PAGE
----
As in the usual pattern, he explains his point of view to them – how SHARK allowed him to believe in himself, and Mizuki’s words burst that bubble.
The group doesn’t have the same meaning to Teppei anymore.
Needless to say, everyone is bummed out when they see Mizuki walk into the clubhouse. He managed to get by with only some bruising – no broken limbs.
If Ichika was upbeat before, she sure isn’t now. And if there’s anyone who can make her feel worse, it’s her insufferable coworker Miku (Mano Erina). Miku complains that her new husband only texts her ten times a day when he used to do so fifty to a hundred times a day before they were married. Ah, first world problems.
For some reason, even the DJ seems intent on insulting Teppei. The fact that Teppei is accepting this sort of treatment without comment is really disturbing and definitely a case of low self-esteem.
Meanwhile, Kai’s boss tells him about a street musician who might be a good replacement vocalist and Kai goes out to see him.
The fellow – Akashi Shinobu (Kakizawa Hayato) – has a good voice, but is somewhat lacking in charisma – the specific element that the record company was really looking for. It doesn’t matter – Kai clearly thinks he’s found the right guy.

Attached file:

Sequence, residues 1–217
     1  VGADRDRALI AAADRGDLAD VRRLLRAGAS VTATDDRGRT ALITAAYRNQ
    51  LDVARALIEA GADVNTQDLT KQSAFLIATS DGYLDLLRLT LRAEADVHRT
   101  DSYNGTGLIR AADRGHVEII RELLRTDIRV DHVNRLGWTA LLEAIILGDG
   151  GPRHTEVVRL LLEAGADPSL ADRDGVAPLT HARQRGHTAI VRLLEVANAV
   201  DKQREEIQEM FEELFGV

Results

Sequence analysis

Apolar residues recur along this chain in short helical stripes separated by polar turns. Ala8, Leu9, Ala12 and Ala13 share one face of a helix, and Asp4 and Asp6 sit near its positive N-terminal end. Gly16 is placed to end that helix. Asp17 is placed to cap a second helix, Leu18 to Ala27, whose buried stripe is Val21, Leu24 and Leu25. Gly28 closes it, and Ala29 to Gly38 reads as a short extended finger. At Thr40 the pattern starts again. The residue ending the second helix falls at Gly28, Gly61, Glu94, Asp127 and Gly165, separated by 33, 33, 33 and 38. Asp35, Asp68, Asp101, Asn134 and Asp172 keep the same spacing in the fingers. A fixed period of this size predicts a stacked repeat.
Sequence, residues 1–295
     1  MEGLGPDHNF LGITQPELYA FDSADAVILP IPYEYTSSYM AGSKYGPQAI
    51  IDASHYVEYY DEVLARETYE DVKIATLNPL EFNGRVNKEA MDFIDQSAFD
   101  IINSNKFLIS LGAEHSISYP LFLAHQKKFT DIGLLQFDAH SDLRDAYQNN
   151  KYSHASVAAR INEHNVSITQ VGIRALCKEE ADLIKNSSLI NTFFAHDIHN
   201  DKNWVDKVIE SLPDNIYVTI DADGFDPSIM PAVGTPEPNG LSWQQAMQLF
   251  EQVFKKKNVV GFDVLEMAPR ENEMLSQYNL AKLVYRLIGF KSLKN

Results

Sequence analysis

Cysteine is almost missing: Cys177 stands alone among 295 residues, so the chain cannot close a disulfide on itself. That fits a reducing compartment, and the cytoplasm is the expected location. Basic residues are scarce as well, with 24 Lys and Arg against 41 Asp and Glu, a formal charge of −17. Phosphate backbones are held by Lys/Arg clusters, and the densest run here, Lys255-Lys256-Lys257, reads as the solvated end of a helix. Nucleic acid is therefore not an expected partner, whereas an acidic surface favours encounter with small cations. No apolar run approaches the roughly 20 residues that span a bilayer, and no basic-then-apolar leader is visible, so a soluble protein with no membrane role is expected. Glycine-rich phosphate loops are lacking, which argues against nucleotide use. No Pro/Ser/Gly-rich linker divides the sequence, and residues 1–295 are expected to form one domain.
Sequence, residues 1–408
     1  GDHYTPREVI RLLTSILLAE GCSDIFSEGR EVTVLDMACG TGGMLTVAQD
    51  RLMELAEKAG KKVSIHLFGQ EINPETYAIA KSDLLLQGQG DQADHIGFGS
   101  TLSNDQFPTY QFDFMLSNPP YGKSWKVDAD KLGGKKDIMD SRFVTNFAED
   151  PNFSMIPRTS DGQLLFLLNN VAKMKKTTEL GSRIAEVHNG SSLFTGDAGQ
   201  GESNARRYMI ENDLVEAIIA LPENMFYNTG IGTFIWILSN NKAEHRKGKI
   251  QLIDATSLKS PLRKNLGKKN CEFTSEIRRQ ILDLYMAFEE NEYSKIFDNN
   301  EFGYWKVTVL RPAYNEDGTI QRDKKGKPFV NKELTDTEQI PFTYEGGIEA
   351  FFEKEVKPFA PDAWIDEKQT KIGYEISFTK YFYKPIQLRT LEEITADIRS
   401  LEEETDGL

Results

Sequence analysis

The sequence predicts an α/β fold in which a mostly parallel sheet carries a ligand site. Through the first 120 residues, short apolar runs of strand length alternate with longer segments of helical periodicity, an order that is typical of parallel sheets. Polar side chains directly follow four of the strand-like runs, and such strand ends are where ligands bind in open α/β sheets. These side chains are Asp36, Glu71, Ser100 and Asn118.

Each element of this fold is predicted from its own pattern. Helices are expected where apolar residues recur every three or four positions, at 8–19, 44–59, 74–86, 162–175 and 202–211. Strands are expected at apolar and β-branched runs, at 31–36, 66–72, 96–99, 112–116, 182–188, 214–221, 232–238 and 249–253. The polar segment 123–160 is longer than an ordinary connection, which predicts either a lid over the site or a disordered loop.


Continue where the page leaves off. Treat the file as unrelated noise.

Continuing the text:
Teppei performs with the DJ as planned . . .
. . . and SHARK only now finds out what he’s up to .
But the gig isn’t what Teppei expected – the DJ is outright bullying him by rapidly changing song styles so that it’s difficult for Teppei to adapt. What the DJ is doing makes no musical sense, and the looks he gives Teppei make it clear that he’s being malevolent. What the heck is going on here?
That’s the real point of suspense here, since we already know that Mizuki is somehow going to get involved and win Teppei over. So, I’ll leave the rest of the summary out as serious spoiler territory.
The downside to this episode is now beginning a fault with the series – it maintains the patterns of the previous episodes and is entirely predictable. The dialogue is better than in Bad Boys J, but otherwise it is still following the same formula and it’s an obvious case of lazy, uninspired writing.
Kamiyama-kun had the burden of the acting in this one and while he was good at some points, his expressions often look forced rather than the natural product of his thoughts. Still, the situation was so bizarre, and he had so little dialogue to work with, that I thought he did a fine job given the difficulty.
Speaking of bizarre, this story was quite a stretch. The best thing about it was that we at least got to see a performance and we also got a fight. This sort of story requires more setup, though. We still haven’t gotten a sense of SHARK’s place in their music landscape. For instance, how many other groups are trying to win this audition? How does SHARK compare to those groups? It’s really important that SHARK is shown to be no match for the other groups without Kai and Teppei, but there’s been no attempt to do that.
On the flip side, this episode sets up at least two obvious plot lines for future episodes. But . . . are they already too obvious to attract people to watch?